Land Use in America
In their new book, Land Use in America, copublished by the Lincoln Institute and Island Press, Henry L. Diamond and Patrick F. Noonan propose a 10-point agenda to help America's communities accommodate future growth in more environmentally sound and fiscally responsible ways.
Diamond is a partner in the law firm of Beveridge & Diamond in Washington, D.C., and Noonan is founder and chairman of The Conservation Fund in Arlington, Virginia. Together they founded the Sustainable Use of Land Project, from which the book is derived. Their research examined land use practices and trends over the past two decades. They report that while substantial gains have been made in many environmental areas, such as air and water quality, land use remains a highly emotional and complex topic.
The first part of the book presents Diamond and Noonan's synthesis of the issues, numerous case studies and their agenda for community action. The second part includes the following papers contributed by leading figures in government, business, academia and the nongovernmental arena:
"Growth Management Plans"
Howard Dean, Governor of Vermont
"Ecosystem Management: An Organizing Principle for Land Use" Douglas P. Wheeler, Secretary, California Resources Agency
"Transportation: A Key Element in Sustainable Communities" James Lighthizer, Former Secretary, Maryland Department of Transportation
"Across the Barricades" William K. Reilly, Former Administrator, U.S. Environmental Protection Agency
"Metropolitan Development Trends of the Late 1990s: Social and Environmental Implications" Christopher B. Leinberger, Managing Partner, Robert Charles Lesser & Company
"Our Critical Forest Resources" John A. Georges, Chairman and Chief Executive Officer, International Paper Company
"Land Use Planning: A Farmer's Perspective" Kenneth Buelt, Past President, Washington County Farm Bureau
"Patience, Problem Solving and Private Initiative: Local Groups Chart a New Course for Land Conservation" Jean W. Hocker, President/Executive Director, Land Trust Alliance
"Sustainability and Social Justice: The Changing Face of Land Use and Environmentalism" Charles Jordan, Director, Bureau of Parks and Recreation, Portland, Oregon
"Science and the Sustainable Use of Land" Norman L. Christensen, Jr., Dean, School of the Environment, Duke University
"Private Property Rights, Government Regulation and the Constitution: Searching for Balance" Jerold S. Kayden, Professor, Graduate School of Design, Harvard University
"An Economic Perspective on the Sustainable Use of Land" John A. Baden, Chairman, Foundation for Research on Economics and the Environment
Conference to Explore the Sustainable Use of Land
In conjunction with publication of this book, the Lincoln Institute is presenting a conference on June 12 in Washington, D.C. Participants will discuss varied perspectives on the important political and jurisdictional issues raised by the authors and contributors. Some of these questions may be addressed:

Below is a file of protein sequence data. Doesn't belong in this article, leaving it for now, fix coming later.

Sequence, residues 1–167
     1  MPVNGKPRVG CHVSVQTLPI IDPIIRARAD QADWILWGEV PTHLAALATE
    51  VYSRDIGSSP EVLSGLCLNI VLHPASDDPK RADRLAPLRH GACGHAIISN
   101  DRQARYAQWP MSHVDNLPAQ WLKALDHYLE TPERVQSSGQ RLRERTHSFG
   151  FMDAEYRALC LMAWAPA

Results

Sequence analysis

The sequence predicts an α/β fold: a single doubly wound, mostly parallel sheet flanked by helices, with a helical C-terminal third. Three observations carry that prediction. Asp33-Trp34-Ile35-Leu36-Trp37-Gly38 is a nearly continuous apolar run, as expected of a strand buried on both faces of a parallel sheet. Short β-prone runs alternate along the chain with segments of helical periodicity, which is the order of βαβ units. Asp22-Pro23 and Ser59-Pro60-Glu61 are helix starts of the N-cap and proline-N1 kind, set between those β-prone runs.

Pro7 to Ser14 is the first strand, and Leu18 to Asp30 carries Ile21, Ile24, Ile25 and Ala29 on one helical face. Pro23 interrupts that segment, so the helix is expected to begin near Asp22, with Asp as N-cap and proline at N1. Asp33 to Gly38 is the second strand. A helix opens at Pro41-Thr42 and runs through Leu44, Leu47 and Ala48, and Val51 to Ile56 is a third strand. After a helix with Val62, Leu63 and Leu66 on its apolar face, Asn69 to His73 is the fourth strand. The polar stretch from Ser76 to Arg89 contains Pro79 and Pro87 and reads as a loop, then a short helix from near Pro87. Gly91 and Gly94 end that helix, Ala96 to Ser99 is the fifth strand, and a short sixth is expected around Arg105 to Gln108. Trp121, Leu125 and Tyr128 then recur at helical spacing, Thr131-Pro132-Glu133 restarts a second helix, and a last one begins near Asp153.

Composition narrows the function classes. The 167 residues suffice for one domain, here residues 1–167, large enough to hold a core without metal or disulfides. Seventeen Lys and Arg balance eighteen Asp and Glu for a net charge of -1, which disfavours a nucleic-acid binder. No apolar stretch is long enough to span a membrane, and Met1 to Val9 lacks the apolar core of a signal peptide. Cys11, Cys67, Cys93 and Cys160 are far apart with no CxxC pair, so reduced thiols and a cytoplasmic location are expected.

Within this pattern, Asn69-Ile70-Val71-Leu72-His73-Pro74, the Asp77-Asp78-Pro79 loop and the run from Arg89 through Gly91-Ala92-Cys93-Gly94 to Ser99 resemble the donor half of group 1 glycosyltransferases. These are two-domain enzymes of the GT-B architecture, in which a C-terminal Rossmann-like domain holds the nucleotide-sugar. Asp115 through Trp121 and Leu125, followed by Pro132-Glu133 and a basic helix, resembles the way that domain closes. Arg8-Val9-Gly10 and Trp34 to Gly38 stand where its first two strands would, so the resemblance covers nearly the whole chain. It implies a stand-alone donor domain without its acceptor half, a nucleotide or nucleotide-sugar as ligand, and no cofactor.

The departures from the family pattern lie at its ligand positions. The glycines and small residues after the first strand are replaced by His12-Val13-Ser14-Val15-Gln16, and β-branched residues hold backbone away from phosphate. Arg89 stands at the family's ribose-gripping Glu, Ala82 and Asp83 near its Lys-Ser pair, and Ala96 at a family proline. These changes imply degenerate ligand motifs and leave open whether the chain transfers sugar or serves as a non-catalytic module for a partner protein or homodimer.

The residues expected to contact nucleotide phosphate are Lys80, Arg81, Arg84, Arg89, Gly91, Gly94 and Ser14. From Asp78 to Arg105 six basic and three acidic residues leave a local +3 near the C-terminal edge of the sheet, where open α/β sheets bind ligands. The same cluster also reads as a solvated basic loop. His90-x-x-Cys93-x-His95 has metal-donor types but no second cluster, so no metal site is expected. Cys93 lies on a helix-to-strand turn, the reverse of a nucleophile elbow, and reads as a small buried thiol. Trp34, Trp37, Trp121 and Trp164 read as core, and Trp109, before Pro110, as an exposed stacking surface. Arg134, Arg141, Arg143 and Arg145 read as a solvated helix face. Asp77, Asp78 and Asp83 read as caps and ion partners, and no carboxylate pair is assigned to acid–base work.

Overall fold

How might the 10 agenda recommendations be implemented in the current climate of popular reaction against federal and state government regulation of local policymaking?
What is the political feasibility of developing broad-based and long-term land use plans, especially in pro-property rights states in the South and West?
Given the likelihood of decreased federal financial support, how can states and localities be encouraged to take the initiative in future land use planning?
How can private landowners and corporate entities with large holdings be motivated to engage in regional conservation plans and provide environmentally sensitive stewardship in the face of economic pressures for development of their land?
A Land Use Agenda for 21st Century America
Local governments must take the lead role in securing good land use. Initiatives in land use planning and growth management need to be anchored in a community-based process that develops a vision for the future.
State governments must help local governments by establishing reasonable ground rules and planning requirements, assisting small and rural areas, and providing leadership on matters that affect more than one local jurisdiction.
The rules governing land development need to be overhauled. They need to be more efficient and more flexible, encouraging--not hindering--new approaches to land development and conservation.
Landowners must be treated fairly and oppressive regulations fixed. But making government pay in order to apply environmental safeguards for the common good is a bad idea.
Many government policies and actions--agricultural, highway, and environmental programs--impact land use. If they are not better coordinated, they will continue to result in land use policy by accident.
In selective situations, public land acquisition is needed, and a reliable source of funds must be available to pay for it.
Older areas in cities and suburbs must become a focus for renewal. Government policies should help fill in vacant land in already built-up areas and renew older properties rather than promote unplanned expansion at the urban fringe.
Item 8. As most land is privately held, private landowners must be galvanized to assure a healthy land base. Corporate and individual stewardship must be encouraged by providing education, tax incentives and other benefits.
Item 9. A constituency for better land use is needed based on new partnerships that reach beyond traditional alliances to bring together conservationists, social justice advocates and economic development interests. These partnerships can be mobilized around natural and cultural resources that people value.
Item 10. New tools are required to meet the new challenges of land use. Land use disputes should be solved through negotiation or mediation rather than through confrontation and litigation. Geographic Information Systems (GIS) and other advances in technology also offer new opportunities for improving land use decision making.